The good thing is that, in a B2B environment, these keyword searches can be extremely specific to the industry which can increase the chances for your business’ website to pop up. For instance, if a Liverpool-based office interior designer is searching for an electrician for a project, ‘commercial electrician Liverpool’ and ‘commercial lighting Liverpool’ might be two keywords they will use. 


However, in order for SEO to be successful, there is a need for regular trend analyses. This simply means you should regularly consult data about what keywords or phrases are the top searches on engines and then adapt your website content to fit these in. It’s important to understand that SEO is not just about keywords, but also the general user experience of your website – this is a handy list of what you should be working on.


Blogs, guides, and articles


Blogs, guides, and articles, can be powerful marketing tools for several reasons. First of all, they allow your business to show off its expertise by talking about what you offer in detail or how your offering helps the industry you’re operating in.


Secondly, coupled with SEO practices, blogs allow you to seamlessly post new content to your website and thus keep on top of these most popular searches to increase your website traffic and its chances to be a top result in Google. Blogs and the like can even have a knock-on effect to your social media traffic and interactions by customers accessing these accounts from your website directly.


The best b2b marketing campaigns boost your credibility and authority in the market. Blogs, guides, and articles are great for this since they are an organic form of content and feel more genuine than ads.

The best B2B marketing campaigns case studies


Shopify: Let’s Make You A Business

Shopify Let's Make You A Business Campaign
Image credit: Shopify

Shopify is an ecommerce platform used by many businesses. The idea of their ‘Let’s Make You A Business’ campaign was to take different everyday situations and help people visualise potential business opportunities within them. Through the use of communication channels including internet ads, social media, TV ads, billboards, and even unrented commercial spaces’ front windows, the company managed to cement itself in people’s minds repeatedly which led to many new independent businesses to create their operations using Shopify’s platform.


Through so many mediums, the company ensured high brand awareness but also tapped into people’s emotions and therefore created brand affinity through lines such as ‘Let’s make what you do for fun what you do for a living’ and ‘Let’s make your family proud’.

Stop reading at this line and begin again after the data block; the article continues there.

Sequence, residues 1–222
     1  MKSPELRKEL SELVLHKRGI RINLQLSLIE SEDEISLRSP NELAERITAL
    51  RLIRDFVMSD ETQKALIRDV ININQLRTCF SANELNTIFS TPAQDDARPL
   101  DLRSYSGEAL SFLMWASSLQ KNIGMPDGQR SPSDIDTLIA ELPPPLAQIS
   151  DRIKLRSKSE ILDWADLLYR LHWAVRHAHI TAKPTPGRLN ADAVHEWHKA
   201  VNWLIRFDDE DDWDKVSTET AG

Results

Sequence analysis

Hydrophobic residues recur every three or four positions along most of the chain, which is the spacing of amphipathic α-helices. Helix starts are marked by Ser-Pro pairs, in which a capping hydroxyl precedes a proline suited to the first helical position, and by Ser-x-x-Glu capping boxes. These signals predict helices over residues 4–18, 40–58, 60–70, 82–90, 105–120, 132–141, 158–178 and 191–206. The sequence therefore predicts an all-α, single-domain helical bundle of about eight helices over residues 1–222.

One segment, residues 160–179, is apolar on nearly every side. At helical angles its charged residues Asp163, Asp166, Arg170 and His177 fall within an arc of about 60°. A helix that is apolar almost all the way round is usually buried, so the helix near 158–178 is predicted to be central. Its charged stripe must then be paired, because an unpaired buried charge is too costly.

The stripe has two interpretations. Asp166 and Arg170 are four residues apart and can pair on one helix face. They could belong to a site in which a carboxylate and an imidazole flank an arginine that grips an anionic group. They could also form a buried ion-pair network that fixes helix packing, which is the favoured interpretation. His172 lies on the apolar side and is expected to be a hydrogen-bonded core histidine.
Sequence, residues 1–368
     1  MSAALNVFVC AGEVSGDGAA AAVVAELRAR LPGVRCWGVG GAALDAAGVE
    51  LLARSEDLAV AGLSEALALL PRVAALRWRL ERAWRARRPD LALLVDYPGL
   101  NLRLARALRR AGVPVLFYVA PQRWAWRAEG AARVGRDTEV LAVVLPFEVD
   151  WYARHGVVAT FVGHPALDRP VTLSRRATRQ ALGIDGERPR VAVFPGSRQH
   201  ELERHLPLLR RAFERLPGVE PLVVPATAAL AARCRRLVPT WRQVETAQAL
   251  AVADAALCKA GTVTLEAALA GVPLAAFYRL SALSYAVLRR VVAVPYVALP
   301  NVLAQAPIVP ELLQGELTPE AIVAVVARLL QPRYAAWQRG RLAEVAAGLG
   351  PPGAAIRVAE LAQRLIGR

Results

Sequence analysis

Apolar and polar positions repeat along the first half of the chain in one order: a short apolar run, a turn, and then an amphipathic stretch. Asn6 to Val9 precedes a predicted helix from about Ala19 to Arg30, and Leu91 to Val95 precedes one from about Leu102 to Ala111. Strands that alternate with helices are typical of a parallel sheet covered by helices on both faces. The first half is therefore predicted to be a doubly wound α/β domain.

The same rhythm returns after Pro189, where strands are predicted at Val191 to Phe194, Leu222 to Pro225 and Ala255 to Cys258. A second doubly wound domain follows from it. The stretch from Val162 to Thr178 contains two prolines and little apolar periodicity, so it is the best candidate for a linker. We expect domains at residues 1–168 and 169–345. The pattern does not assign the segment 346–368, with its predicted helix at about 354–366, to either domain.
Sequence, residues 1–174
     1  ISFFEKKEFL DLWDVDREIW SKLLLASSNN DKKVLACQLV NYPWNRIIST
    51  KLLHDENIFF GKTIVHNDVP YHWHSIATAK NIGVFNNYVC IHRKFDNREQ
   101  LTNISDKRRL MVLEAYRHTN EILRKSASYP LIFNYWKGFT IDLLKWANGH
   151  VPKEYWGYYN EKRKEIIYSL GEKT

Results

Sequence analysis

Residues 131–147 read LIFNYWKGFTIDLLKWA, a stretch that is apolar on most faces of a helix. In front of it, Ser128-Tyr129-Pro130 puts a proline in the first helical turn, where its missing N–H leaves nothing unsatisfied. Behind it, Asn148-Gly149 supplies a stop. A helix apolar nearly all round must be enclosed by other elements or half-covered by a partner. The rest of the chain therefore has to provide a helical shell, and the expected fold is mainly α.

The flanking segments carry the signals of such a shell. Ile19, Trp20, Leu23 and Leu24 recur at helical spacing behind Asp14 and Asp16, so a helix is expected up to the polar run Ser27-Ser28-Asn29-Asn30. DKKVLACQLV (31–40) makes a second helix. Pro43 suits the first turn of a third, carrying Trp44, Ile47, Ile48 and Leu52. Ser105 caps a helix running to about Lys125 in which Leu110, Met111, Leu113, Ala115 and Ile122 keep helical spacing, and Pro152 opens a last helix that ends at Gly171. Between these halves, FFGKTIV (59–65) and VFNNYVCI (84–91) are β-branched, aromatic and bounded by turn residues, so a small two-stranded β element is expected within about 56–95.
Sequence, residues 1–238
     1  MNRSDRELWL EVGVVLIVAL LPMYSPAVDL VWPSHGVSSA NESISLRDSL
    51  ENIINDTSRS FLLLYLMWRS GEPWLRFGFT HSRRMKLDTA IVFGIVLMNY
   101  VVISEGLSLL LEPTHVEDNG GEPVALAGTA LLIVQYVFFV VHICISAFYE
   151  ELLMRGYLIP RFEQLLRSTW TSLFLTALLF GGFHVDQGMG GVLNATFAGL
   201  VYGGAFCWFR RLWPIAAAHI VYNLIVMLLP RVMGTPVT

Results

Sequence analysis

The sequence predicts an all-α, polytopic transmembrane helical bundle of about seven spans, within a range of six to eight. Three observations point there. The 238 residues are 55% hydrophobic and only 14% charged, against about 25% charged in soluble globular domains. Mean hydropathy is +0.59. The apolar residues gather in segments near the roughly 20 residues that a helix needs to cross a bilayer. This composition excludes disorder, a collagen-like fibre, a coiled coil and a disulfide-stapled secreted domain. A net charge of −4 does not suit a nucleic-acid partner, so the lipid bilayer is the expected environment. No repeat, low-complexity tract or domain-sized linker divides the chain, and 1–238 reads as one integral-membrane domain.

Spotify: Wrapped

Spotify Wrapped Campaign
Image credit: Spotify via The Guardian

Spotify’s Wrapped campaign has worked both in a B2C setting and by extension in a B2B setting. The idea is simple, at the end of each year, Spotify creates an engaging and personalised summary of your use of the platform as a consumer through colourful content and an informal, friendly tone. Then, the platform encourages you to share this as a story on social media to compare your music consumption and taste with your friends. Now, as fun as this sounds, you might be asking how this relates to businesses rather than consumers?


By generating interest for musical comparison, this created a drive for artists (who can be considered businesses using Spotify to promote) to share their numbers as well since the company created ‘Wrapped’ stories specifically for all artists hosting their music on the platform. As a result, these artists may have gained additional listeners through Spotify rather than other streaming platforms, which is mutually beneficial. All in all, this campaign allowed for not only consumers to be continually engaged with the platform, but also for artists and even publishing companies to interact heavily with the platform and privilege it rather than its competition.


Find out more about the campaign here.

Slack: What It Feels Like

Slack is, in simple terms, a business internal communications platform, similar to Microsoft Teams. Their What it Feels Like campaign chose to boycott potentially dull professional B2B tones, using colourful visuals and a child-like theme. They coupled rainbows and unicorns (seriously) depicting a happy employee with their ‘what it feels like’ tagline to stand out in a refreshing, emotive way whilst conveying the benefits of their service. 


Not only that, the campaign was really flexible thanks to the simple tagline that could be followed by almost any increase in productivity statement. One example: ‘what it feels like to be 28% more productive’.


Slack conveyed a highly positive feeling towards their platform, visually illustrated it as well as stating the benefits of their service and backing them up with data.

Slack What It Feels Like Campaign
Image credit: Slack via AdWeek and Insider

In summary…

The best B2B marketing campaigns consider your audience as people first and businesses second, all whilst adapting your marketing channel choices accordingly. By doing so, you allow your marketing campaigns to strike personal and emotional chords. The result: the decision maker you are targeting, finds your business more appealing than its competition.


We are all human after all, so tapping into our wants and needs is key to making us buy. Don’t be afraid to be different, embrace it.